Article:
Of the 20 different amino acids nine are considered essential. There are what we refer to as ‘complete sources’ of proteins, which contain all essential amino acids and ‘incomplete sources’, which contain some but not all of the essential amino acids. Animal proteins are naturally a complete source of protein. On a plant-based diet, while tempeh, tofu, quinoa and hemp are considered complete protein sources, for variety sake, they can’t be the only source of protein. So, those on a plant-based diet should be particularly conscious of consuming a variety of plant-based protein sources to obtain the required amount of essential amino acids.


Below are protein sources (plant and animal) in 20g equivalents:

  • Organic, non-GMO tempeh: ~120g

  • Organic, non-GMO form tofu: ~120g

  • Cooked lentils or beans: ~1 cup

  • Cooked quinoa: ~2 cups

  • Beef or lamb: ~120g

  • Chicken, turkey or fish: ~120g

  • Whole eggs: ~3 eggs

  • Protein powder (pea & rice blend): 20g equivalent (check the packet for servings)

  • Cooked lentils or beans (1/2 cup) and hemp seeds (3 tbsp)

  • Additionally, protein can be found in nuts, including but not limited to almonds, walnuts, cashews and their respective butters and seeds, including chia, hemp and hemp powder, flax, sunflower and sesame.


Below is an example of how an active female weighing 60kg's might achieve adequate protein in a day using plant-foods only:


A few Considerations for Protein Intake:

  • Requirements are very much relative to age, gender, whether you’re pregnant or breast feeding, how much & what type of training is being done and broader health goals. So, please make sure you seek tailored advice if you really want to understand your unique requirements.

  • Don’t eat all of your protein in one meal, servings should be kept to 30 - 40g at a time.

  • If you exercise, you absolutely have to eat protein after training to support muscle protein synthesis. Whether you choose to eat it before or during is very much relative to your goals.

  • This article doesn't explore the requirements for specific amino acids, but this is certainly something that you should discuss with a practitioner if you need support with body fat loss, training nutrition, injury recovery or plant-based eating.

  • Digestive capacity impacts protein break-down and amino acid availability so if you have any digestive complaints please be sure to seek tailored advice.


I hope this has helped you to understand whether or not you're eating enough protein. If you'd like tailored advice regarding your day to day or training nutrition needs then I'd love to work with you. Feel welcome to book a Complimentary 15-minute Discovery Call to get started.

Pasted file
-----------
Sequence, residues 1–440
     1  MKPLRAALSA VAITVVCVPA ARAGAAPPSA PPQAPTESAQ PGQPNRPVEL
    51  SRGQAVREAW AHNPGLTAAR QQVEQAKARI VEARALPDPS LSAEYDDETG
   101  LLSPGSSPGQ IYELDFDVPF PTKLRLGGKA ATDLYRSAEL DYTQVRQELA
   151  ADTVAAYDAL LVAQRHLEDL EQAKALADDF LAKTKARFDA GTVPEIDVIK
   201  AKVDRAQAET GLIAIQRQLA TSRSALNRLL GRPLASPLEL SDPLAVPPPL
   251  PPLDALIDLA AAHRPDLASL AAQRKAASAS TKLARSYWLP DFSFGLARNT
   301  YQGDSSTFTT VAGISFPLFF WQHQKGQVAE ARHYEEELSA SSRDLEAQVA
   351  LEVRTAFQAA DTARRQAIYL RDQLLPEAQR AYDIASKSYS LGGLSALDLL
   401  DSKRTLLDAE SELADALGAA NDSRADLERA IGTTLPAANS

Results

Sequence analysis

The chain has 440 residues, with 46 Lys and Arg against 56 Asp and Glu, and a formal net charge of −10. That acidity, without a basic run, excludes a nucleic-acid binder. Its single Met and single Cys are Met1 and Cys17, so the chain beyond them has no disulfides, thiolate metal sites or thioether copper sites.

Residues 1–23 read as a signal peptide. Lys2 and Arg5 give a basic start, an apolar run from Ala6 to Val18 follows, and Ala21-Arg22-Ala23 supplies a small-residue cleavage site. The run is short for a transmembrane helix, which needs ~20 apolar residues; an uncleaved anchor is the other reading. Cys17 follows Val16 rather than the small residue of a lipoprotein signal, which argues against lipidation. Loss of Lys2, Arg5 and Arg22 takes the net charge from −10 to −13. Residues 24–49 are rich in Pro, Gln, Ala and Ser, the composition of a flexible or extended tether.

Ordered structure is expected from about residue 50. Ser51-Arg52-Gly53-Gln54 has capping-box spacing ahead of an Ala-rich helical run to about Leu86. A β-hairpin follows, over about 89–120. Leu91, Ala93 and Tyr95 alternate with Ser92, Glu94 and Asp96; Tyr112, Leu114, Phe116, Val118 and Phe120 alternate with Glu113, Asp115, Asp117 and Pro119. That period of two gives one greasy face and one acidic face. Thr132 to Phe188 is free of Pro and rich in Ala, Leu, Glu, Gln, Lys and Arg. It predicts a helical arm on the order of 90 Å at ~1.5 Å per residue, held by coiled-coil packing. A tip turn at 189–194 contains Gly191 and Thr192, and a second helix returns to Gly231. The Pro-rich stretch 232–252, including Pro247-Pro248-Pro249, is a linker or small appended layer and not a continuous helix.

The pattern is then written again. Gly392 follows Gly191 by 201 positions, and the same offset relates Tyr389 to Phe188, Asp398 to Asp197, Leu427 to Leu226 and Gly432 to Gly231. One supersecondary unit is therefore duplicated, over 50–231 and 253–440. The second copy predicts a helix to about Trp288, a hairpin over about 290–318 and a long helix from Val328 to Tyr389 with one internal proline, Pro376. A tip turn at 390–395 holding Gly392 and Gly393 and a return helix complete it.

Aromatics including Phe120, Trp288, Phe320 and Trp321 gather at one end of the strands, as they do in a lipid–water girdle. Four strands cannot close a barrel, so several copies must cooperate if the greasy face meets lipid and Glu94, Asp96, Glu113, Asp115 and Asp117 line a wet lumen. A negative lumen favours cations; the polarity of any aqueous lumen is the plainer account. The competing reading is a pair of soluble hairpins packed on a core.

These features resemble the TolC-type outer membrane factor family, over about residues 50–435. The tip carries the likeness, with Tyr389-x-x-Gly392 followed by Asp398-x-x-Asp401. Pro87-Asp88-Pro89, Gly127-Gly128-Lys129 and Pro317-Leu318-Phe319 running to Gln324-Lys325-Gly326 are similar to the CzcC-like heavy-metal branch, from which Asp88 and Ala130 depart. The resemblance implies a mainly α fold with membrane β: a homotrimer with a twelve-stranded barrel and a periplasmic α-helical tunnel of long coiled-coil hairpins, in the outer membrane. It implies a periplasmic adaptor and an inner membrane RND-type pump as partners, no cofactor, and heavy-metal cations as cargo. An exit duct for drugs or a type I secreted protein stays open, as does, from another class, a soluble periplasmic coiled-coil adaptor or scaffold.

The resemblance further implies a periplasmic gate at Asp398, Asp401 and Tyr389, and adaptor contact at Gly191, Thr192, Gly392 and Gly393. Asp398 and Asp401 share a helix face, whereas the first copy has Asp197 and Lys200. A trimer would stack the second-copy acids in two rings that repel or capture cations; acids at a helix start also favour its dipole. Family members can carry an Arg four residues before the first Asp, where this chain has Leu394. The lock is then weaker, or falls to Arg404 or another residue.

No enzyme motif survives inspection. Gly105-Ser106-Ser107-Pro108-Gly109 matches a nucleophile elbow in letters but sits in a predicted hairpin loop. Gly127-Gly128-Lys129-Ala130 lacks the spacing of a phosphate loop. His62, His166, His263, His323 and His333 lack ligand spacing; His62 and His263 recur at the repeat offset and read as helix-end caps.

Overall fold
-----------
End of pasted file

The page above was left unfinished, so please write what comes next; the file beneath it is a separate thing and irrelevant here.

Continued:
References

Ginty F. Dietary protein and bone health. Proc Nutr Soc. 2003;62(4):867-876. doi:10.1079/PNS2003307


Cuenca-Sánchez M, Navas-Carrillo D, Orenes-Piñero E. Controversies surrounding high-protein diet intake: satiating effect and kidney and bone health. Adv Nutr. 2015;6(3):260-266. Published 2015 May 15. doi:10.3945/an.114.007716


Luhovyy BL, Akhavan T, Anderson GH. Whey proteins in the regulation of food intake and satiety. J Am Coll Nutr. 2007;26(6):704S-12S. doi:10.1080/07315724.2007.10719651


Lejeune MP, Westerterp KR, Adam TC, Luscombe-Marsh ND, Westerterp-Plantenga MS. Ghrelin and glucagon-like peptide 1 concentrations, 24-h satiety, and energy and substrate metabolism during a high-protein diet and measured in a respiration chamber. Am J Clin Nutr. 2006;83(1):89-94. doi:10.1093/ajcn/83.1.89


Pesta DH, Samuel VT. A high-protein diet for reducing body fat: mechanisms and possible caveats. Nutr Metab (Lond). 2014 Nov 19;11(1):53. doi: 10.1186/1743-7075-11-53


Weigle DS, Breen PA, Matthys CC, et al. A high-protein diet induces sustained reductions in appetite, ad libitum caloric intake, and body weight despite compensatory changes in diurnal plasma leptin and ghrelin concentrations. Am J Clin Nutr. 2005;82(1):41-48. doi:10.1093/ajcn.82.1.41


Prentice A, Schoenmakers I, Laskey MA, de Bono S, Ginty F, Goldberg GR. Nutrition and bone growth and development. Proc Nutr Soc. 2006;65(4):348-360. doi:10.1017/s0029665106005192


Christian P, Stewart CP. Maternal micronutrient deficiency, fetal development, and the risk of chronic disease. J Nutr. 2010;140(3):437-445. doi:10.3945/jn.109.116327

155 views0 comments

Recent Posts

See All

Vitamin B12 is an essential consideration to all human diets, not just those on a plant-based diet. Humans don’t make bioavailable sources.